An expert on northern New Jersey’s housing market reports a pickup in activity and an improvement in the general tone of the market, describing the current season as the best since 2007. Residential builders are reported to be increasingly optimistic- -they anticipate a substantially better year than 2012 and are investing more heavily in new projects. Single-family construction is seen as picking up, as multi-family construction retains momentum. While there remains a large overhang of foreclosed and distressed properties, many of these are expected to be snapped up by investors. Realtors in the Buffalo area report continued favorable conditions in the housing market: prices have risen steadily at a moderate pace, inventory levels are fairly low, and sales activity has been steady.

Commercial real estate markets across the District were mixed but generally firmer since the last report. Office vacancy rates declined across most of the District, though rents in most areas continued to run below year-ago levels. Manhattan’s office market was particularly robust, with vacancy rates continuing to decline and asking rents up 4 percent from a year ago. In northern New Jersey and in the Buffalo, Albany and Syracuse metro areas, vacancy rates have declined since the start of the year, but rents continue to run 1-3 percent below early 2012 levels. However, office markets in Westchester and Fairfield counties have been increasingly slack, with vacancy rates climbing to new highs and rents slipping roughly 4 percent over the past year. Market conditions in metro Rochester have been essentially flat. Industrial markets have shown some signs of firming. In northern New Jersey, Long Island, Westchester and Fairfield counties, industrial vacancy rates have been steady since the beginning of the year, while rents are running 2-4 percent ahead of comparable 2012 levels. Industrial vacancy rates across upstate New York have continued to decline, reaching their lowest levels in three years, while rents have also drifted down.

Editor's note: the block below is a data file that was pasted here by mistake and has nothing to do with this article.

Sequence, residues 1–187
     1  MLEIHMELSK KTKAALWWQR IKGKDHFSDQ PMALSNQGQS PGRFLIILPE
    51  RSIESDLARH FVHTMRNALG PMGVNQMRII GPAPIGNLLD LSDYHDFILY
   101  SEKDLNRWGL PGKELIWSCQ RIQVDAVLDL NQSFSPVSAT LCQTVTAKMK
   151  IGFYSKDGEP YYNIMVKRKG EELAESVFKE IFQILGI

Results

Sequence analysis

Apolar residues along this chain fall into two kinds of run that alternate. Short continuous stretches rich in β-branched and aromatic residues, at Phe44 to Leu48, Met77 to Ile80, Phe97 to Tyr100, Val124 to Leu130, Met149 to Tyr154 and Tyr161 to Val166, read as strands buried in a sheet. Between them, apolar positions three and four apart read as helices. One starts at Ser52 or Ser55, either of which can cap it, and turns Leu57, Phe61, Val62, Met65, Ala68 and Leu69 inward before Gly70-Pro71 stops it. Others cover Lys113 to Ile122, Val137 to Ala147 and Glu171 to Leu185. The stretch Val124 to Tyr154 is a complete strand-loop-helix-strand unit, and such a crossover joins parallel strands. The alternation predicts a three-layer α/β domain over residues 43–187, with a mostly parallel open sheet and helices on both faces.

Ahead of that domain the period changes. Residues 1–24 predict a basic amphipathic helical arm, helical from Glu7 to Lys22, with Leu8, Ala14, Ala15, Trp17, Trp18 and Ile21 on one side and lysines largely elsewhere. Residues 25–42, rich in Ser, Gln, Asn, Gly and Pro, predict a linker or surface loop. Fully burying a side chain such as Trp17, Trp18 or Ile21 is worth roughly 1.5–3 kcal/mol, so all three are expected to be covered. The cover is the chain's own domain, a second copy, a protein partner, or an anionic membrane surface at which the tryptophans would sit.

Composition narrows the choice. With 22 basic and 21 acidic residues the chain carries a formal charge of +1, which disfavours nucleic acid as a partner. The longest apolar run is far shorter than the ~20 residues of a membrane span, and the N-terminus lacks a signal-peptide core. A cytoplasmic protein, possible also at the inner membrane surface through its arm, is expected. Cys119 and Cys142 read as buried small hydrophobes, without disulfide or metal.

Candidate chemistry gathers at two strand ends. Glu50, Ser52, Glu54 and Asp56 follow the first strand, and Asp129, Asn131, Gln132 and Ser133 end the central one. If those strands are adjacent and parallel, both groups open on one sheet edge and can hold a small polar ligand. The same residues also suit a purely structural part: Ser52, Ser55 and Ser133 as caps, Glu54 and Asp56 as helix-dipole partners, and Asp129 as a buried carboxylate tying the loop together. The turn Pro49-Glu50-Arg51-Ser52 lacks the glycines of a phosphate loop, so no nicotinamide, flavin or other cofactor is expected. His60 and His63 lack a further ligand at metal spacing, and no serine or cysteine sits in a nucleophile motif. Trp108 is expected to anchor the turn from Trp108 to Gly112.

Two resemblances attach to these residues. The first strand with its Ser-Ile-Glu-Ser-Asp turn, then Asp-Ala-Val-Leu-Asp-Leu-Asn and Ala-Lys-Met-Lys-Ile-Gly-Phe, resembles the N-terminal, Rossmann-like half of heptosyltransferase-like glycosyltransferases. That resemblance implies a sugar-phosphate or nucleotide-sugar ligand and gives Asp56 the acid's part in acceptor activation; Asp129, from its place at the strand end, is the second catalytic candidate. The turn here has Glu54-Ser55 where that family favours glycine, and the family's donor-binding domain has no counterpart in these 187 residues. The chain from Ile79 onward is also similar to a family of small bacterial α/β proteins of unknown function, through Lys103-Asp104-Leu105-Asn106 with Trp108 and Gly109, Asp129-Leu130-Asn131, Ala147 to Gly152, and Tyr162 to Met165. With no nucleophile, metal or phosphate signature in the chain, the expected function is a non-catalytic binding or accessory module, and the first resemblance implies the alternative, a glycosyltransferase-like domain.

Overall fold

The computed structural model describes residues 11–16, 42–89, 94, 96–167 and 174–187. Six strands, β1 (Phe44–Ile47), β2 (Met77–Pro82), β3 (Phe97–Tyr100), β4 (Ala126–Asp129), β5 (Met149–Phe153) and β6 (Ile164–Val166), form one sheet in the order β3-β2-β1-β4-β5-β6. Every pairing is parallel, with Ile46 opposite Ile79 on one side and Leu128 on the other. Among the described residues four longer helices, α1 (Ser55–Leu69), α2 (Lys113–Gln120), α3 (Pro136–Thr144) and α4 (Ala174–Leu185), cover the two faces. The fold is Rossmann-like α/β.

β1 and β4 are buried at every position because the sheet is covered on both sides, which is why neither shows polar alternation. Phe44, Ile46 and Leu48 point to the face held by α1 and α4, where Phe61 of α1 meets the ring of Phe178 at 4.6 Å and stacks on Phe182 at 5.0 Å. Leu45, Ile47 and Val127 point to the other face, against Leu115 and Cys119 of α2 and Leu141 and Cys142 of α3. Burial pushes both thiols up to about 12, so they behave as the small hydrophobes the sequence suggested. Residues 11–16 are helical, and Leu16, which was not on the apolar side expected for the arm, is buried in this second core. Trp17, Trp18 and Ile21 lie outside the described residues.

Other Business Activity

Non-manufacturing contacts report little change in business conditions overall, though they have grown increasingly optimistic about prospects for 2013. Contacts in the manufacturing sector report a pickup in activity since the start of the year and are increasingly optimistic about the near-term outlook. A trucking industry analyst reports that truck tonnage (shipments) strengthened substantially in both December and January, after adjusting for seasonal variation. In general, business contacts note some increase in input price pressures but relatively few say they are increasing their own selling prices.

There are scattered signs of improvement in the job market thus far in 2013. A growing number of manufacturing contacts report that they are increasing staffing levels and are increasingly inclined to do so in the near future as well. A major employment agency reports that demand for full-time workers has improved slowly but steadily; while potential employers note that strong job candidates are increasingly hard to find, most continue to hold the line on salaries. The market for temps (contract workers) is described as very strong, particularly for one-day assignments.

Financial Developments

Small- to medium-sized banks report steady demand for consumer loans but increased demand for all other categories of loans; demand for refinancing was unchanged. Bankers report that credit standards were unchanged across all loan categories. Respondents indicate a decrease in spreads of loan rates over costs of funds for all loan categories--particularly in residential mortgages, where 40 percent of bankers indicate lower spreads and none indicates higher spreads. Most also indicate a decrease in the average deposit rate. Finally, banks report decreased delinquency rates on commercial and industrial loans and especially on commercial mortgages but indicate no change for residential mortgages and consumer loans.